Question: "What does it mean that the Holy Spirit is our Paraclete?"
Answer: After Jesus announced to His disciples that He would be leaving them soon, He then gave them a statement of great encouragement: “And I will ask the Father, and He will give you another Counselor to be with you forever—the Spirit of Truth” (John 14:16–17).
The Greek word translated “Comforter” or “Counselor” (as found in John 14:16, 26; 15:26; and 16:7) is parakletos. This form of the word is unquestionably passive and properly means “one called to the side of another,” with the secondary notion of counseling or supporting him. This Counselor, or Paraclete, is God the Holy Spirit, the third Person of the Trinity. He is a personal being who indwells every believer.
During His earthly ministry, Jesus had guided, guarded, and taught His disciples; but now He was going to leave them. The Spirit of God would come to the disciples and dwell in them, taking the place of their Master's literal presence. Jesus called the Spirit “another Comforter”—another of the same kind. The Spirit of God is not different from the Son of God in essence, for both are God.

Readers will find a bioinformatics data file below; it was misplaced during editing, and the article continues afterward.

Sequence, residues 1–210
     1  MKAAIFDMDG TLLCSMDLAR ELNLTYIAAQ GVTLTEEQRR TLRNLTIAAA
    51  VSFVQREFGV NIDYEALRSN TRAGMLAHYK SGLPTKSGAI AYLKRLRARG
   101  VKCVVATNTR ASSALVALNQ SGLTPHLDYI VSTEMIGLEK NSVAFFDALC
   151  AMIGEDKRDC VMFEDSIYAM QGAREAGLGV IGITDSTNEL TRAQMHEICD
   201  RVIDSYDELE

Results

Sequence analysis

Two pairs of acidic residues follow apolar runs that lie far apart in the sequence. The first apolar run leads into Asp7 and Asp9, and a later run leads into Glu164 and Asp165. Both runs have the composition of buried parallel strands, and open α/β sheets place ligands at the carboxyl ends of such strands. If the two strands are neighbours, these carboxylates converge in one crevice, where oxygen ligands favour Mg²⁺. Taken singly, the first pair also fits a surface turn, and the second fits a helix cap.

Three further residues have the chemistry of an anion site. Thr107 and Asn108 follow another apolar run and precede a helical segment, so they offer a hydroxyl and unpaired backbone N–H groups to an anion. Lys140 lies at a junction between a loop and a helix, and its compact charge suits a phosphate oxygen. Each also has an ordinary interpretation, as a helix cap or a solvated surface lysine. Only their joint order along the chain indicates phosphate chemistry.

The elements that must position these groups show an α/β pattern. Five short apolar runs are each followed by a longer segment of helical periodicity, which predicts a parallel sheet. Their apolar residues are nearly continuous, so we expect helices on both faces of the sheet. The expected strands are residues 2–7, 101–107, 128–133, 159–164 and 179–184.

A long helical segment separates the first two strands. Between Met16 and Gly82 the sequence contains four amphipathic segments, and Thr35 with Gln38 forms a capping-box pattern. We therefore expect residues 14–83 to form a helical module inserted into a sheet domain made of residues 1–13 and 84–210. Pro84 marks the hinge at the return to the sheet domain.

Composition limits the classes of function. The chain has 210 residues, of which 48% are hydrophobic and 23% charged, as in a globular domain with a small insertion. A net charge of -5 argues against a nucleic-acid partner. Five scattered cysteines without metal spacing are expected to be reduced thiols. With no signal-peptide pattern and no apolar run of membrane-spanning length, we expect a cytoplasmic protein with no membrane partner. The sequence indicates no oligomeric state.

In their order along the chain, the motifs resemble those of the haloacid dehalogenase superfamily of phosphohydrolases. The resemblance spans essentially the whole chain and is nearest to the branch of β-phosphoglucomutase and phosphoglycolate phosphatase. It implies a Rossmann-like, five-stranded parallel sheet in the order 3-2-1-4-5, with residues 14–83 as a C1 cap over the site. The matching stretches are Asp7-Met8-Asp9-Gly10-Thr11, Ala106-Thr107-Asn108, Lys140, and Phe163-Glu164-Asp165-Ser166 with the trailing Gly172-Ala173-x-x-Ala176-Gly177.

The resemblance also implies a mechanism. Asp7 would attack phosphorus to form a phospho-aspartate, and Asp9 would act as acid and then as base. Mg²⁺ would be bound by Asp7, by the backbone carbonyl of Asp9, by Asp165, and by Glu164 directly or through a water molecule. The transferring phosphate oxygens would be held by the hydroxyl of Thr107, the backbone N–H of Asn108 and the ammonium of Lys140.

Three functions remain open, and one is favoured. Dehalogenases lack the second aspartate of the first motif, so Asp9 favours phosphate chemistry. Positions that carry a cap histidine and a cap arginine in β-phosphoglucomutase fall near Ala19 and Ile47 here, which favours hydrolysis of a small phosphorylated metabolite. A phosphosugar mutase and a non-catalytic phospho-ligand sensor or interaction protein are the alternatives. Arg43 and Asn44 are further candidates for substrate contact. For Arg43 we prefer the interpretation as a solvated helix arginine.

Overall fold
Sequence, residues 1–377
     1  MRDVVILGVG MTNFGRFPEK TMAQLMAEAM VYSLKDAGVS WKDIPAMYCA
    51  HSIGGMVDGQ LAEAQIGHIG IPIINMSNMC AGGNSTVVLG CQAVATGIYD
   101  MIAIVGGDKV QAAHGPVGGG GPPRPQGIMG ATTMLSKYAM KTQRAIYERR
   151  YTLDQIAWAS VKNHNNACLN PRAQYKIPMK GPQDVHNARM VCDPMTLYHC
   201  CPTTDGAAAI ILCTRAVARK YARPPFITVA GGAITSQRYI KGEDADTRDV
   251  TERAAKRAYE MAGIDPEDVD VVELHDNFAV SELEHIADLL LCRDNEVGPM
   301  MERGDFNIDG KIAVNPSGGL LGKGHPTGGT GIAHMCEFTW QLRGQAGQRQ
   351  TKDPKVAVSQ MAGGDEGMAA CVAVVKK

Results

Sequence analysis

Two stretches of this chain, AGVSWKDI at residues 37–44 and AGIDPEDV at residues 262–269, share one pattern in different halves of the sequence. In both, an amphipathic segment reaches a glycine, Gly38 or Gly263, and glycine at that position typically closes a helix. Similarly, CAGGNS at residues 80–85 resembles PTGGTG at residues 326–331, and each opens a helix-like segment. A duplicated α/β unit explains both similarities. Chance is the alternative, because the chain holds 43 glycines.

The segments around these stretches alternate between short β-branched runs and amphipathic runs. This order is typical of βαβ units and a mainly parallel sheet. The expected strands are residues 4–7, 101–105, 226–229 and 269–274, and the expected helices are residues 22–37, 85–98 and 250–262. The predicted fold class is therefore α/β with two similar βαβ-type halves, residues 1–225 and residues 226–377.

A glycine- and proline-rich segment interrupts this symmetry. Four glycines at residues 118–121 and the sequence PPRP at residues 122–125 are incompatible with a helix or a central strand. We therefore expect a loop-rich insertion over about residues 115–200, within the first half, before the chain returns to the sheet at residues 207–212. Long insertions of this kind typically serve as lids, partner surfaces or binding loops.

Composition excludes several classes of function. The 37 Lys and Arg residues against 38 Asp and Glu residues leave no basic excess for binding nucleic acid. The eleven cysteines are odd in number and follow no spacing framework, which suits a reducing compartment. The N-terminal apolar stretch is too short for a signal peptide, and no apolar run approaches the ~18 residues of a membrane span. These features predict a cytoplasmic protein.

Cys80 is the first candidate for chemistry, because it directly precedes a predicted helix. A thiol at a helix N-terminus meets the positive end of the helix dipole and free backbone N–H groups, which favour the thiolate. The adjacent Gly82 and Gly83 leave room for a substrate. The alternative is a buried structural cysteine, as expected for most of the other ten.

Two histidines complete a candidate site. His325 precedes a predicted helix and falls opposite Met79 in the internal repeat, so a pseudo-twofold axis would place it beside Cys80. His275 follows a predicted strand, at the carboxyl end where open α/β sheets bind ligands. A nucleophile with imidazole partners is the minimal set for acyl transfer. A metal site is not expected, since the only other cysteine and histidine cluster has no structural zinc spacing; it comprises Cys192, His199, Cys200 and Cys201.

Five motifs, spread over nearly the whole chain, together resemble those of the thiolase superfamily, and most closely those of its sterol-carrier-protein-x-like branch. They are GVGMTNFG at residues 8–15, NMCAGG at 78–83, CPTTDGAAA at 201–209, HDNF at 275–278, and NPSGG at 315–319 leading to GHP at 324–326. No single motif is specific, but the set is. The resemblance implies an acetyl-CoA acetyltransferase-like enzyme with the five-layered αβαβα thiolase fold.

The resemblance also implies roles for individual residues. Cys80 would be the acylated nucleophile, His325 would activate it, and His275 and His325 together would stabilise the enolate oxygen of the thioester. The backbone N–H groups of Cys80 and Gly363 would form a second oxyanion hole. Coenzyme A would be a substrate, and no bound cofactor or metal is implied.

During the Old Testament age, the Spirit of God would come on people and then leave them. God's Spirit departed from King Saul (1 Samuel 16:14; 18:12). David, when confessing his sin, asked that the Spirit not be taken from him (Psalm 51:11). But when the Spirit was given at Pentecost, He came to God's people to remain with them forever. We may grieve the Holy Spirit, but He will not leave us. As Jesus said in Matthew 28:20, “Surely I am with you always, to the very end of the age.” How is He with us when He is in heaven, seated at the right hand of the Father? He is with us by His Spirit (the Helper—the Parakletos).
To have the Holy Spirit as our Paraclete is to have God Himself indwelling us as believers. The Spirit teaches us the Word and guides us into truth. He reminds us of what He has taught so that we can depend on His Word in the difficult times of life. The Spirit works in us to give us His peace (John 14:27), His love (John 15:9–10), and His joy (John 15:11). He is a comfort our hearts and minds in a troubled world. The power of the indwelling Paraclete gives us the ability to live by the Spirit and “not gratify the desires of the sinful flesh” (Galatians 5:16). The Spirit can then produce His fruit in our lives (Galatians 5:22–23) to the glory of God the Father. What a blessing to have the Holy Spirit in our lives as our Paraclete—our Comforter, our Encourager, our Counselor, and our Advocate!
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